Last night, I had what turned into a really cool conversation on Twitter that stemmed out of @WomenWriters asking about writers had support from their families.
My initial response was pretty harsh. Who needs support? Do men ask these questions about whether they have family support for their creative work? As women we have got to stop asking for permission.
But @WomenWriters was asking a value neutral question. Just a what is your situation like? and I jumped into this place of “Sometimes, as authors, and as female authors, we can internalize these questions in ways that are harmful to us and our work.” Which is true, but is a difficult nuance to get across on Twitter.
A long time ago, I dated a man with whom I had a lot of arguments about my writing, which at the time was mostly creative non-fiction, personal essay, and poetry (which is also work I still do). Some of this was because I wrote about him and our relationship to each other and our social community, which was complex and at times toxic. Some of this was just because my mode of public existence was so different from his.
I always told him I wanted his respect for my work. He would counter that it wasn’t fair of me to ask for his admiration. But by respect, I never meant admiration, more a benign sort of acceptance of its right to exist and my right to do it whatever he thought about it. I was asking for space and an acknowledgement of worth of the work to someone, if not to him.
While we were together, we never really came to a meeting of the minds on this issue. These many years later, we’re good, hard-won, and peculiar friends. The last time we saw each other, I actually spent a lot of time giving him my Do the Thing! speech. You can find 15 minutes a day to write your book if you want to do it enough. Fifteen minutes! It meant a lot to me to be able to say that to him and that he listened, although I don’t know if he’ll ever make the choices he’ll need to do write the book he wants to write. Because we’re close, I understand that (although it doesn’t mean I’m going to let him off the hook easily).
Choosing to write — or to follow any ambition — is hard. It’s personal. It’s scary. And it has repercussions we can anticipate and repercussions we can’t. In our own heads and in our relationships with others.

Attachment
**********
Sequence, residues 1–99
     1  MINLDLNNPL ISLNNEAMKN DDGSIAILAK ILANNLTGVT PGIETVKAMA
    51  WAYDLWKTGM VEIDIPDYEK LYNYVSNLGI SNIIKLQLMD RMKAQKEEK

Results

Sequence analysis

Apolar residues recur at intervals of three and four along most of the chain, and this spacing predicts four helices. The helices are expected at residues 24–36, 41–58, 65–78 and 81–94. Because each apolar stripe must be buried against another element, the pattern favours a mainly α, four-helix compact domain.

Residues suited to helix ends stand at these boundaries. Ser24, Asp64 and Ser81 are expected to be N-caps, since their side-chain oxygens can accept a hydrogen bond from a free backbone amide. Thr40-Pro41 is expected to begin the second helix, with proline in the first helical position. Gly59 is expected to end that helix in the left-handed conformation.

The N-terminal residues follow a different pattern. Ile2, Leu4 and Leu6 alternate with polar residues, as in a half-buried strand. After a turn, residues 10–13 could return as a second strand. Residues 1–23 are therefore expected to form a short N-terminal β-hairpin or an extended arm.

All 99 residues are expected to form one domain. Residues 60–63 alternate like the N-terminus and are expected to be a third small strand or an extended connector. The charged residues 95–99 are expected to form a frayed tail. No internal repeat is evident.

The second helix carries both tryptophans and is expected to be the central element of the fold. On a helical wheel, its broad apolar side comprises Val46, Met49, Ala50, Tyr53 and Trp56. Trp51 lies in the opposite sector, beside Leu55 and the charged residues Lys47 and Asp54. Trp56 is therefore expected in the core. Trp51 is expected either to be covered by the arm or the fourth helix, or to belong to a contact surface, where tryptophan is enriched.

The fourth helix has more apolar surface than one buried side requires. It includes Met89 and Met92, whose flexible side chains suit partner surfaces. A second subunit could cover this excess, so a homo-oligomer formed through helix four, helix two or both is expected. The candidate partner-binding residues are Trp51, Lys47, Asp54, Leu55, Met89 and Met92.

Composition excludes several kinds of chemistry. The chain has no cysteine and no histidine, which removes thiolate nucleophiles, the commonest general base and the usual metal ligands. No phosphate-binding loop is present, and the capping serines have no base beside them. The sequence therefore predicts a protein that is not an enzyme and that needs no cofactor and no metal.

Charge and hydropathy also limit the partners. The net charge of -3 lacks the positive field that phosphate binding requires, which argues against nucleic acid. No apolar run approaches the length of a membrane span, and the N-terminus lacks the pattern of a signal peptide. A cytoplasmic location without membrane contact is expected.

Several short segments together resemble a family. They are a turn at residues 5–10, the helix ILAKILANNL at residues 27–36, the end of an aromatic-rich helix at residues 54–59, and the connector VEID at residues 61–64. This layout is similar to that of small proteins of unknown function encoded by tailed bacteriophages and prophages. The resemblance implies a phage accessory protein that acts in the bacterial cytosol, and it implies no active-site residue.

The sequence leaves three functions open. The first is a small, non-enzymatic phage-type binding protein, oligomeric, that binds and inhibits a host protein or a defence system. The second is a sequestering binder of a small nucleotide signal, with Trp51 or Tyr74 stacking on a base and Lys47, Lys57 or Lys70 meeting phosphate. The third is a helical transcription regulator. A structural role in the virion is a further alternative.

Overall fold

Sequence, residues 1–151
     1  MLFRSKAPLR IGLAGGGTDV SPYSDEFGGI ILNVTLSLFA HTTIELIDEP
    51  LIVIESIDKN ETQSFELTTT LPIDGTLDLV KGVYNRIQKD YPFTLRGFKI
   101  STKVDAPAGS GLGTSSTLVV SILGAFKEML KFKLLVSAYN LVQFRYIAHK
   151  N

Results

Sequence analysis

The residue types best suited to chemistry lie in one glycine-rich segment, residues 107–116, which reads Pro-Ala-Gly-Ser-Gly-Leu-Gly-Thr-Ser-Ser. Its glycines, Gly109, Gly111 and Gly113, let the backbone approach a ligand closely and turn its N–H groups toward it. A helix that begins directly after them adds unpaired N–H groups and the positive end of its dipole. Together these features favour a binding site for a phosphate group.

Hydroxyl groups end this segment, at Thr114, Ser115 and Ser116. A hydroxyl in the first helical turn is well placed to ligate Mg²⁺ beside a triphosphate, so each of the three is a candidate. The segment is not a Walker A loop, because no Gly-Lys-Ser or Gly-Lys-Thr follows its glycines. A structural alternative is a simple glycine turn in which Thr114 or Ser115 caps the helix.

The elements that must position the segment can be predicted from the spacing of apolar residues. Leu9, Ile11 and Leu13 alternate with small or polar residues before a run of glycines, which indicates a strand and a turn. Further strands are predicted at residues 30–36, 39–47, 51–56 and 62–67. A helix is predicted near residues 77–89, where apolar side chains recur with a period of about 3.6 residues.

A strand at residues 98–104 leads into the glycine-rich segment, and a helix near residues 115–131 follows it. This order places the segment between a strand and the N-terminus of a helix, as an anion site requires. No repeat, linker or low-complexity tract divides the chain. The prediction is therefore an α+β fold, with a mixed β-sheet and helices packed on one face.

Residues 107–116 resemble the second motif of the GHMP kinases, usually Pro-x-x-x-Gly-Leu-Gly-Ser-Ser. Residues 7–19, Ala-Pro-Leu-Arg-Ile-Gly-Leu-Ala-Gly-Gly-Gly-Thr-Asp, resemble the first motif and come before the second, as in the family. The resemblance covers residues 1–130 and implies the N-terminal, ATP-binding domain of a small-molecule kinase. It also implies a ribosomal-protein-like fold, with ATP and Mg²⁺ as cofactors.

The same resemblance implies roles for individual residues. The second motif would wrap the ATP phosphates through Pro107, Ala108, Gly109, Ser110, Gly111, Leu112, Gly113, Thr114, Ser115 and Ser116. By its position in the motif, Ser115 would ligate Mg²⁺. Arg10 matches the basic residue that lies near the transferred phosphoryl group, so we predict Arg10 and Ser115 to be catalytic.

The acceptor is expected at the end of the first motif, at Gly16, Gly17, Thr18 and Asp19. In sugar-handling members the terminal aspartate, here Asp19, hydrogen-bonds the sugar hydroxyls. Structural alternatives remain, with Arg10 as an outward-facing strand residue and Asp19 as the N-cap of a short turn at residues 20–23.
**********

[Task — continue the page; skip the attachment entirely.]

The most important thing I always want anyone to know about my writing career before they listen to anything resembling advice from me, is that there have been times (and by times I mean years) where I just stopped writing.
I didn’t write because I was afraid of disapproval. I didn’t write because I believed people when they told me no one would care about my stories or that no one would ever love me, fuck me, hire me, or talk to me again if I told my stories. I believed people when they said I didn’t have the right to speak. I believed them when they said that I simply created stories for attention and that attention was bad. I believed people when they said that my words were a moral harm.
None of those things were true, although let’s be honest: There have been times people have been hurt in response to my writing and in at least some of those cases the simple answer is that I fucked up.
So when the discussion out there is “Do your family and friends support your writing?” my first answer is always going to be Who cares? followed by a quick admonishment that you shouldn’t care either. Because — as we used to say back on The Well — you own your own words. You also own yourself.
This doesn’t mean don’t discuss your work with your family. This doesn’t mean don’t acknowledge or negotiate how your writing fits into or affects your relationships or other obligations. And it certainly doesn’t mean to be ungrateful if you do have support.
That my mother actually loved a musical about dominatrixes that I wrote the book for is one of the great achievements of my life. That my ex was proud of me for the essay I wrote about my misdeeds in the name of story in high school means something to me that I don’t care to articulate to anyone. And that my partner helps me with my novels as a first-reader even though they are not stylistically or in subject matter her first choice of reading material is an utter (very secular, because she has feelings about this) godsend.
But I value the support and encouragement I have because I have finally come to believe — after writing careers abandoned and more poor choices about myself and my words than it matters to describe — that permission and support just simply don’t matter.
I want you to have all of it in the world. But if you don’t, I don’t want you to let it stop you for a second. And I definitely want you to waste less time seeking it out from places you’re never going to get it from. You are beholden only to the integrity of your stories and to your integrity of self.
This doesn’t mean do whatever you want and damn the repercussions. But it does mean to stand up for your work and to fight for the space you need to create it.
Because when you realize you’re not doing anything wrong by having a story to tell, you will, among other things, be so much less likely to act the villain. You’ll treat yourself better; you’ll treat other people better; and you’ll probably get a lot more done too. For that it will be better, more honest work, even if it is fiction.
Need support? Or need a reminder that support can just go fuck right off? Either way, we’ve got you. Do the comments!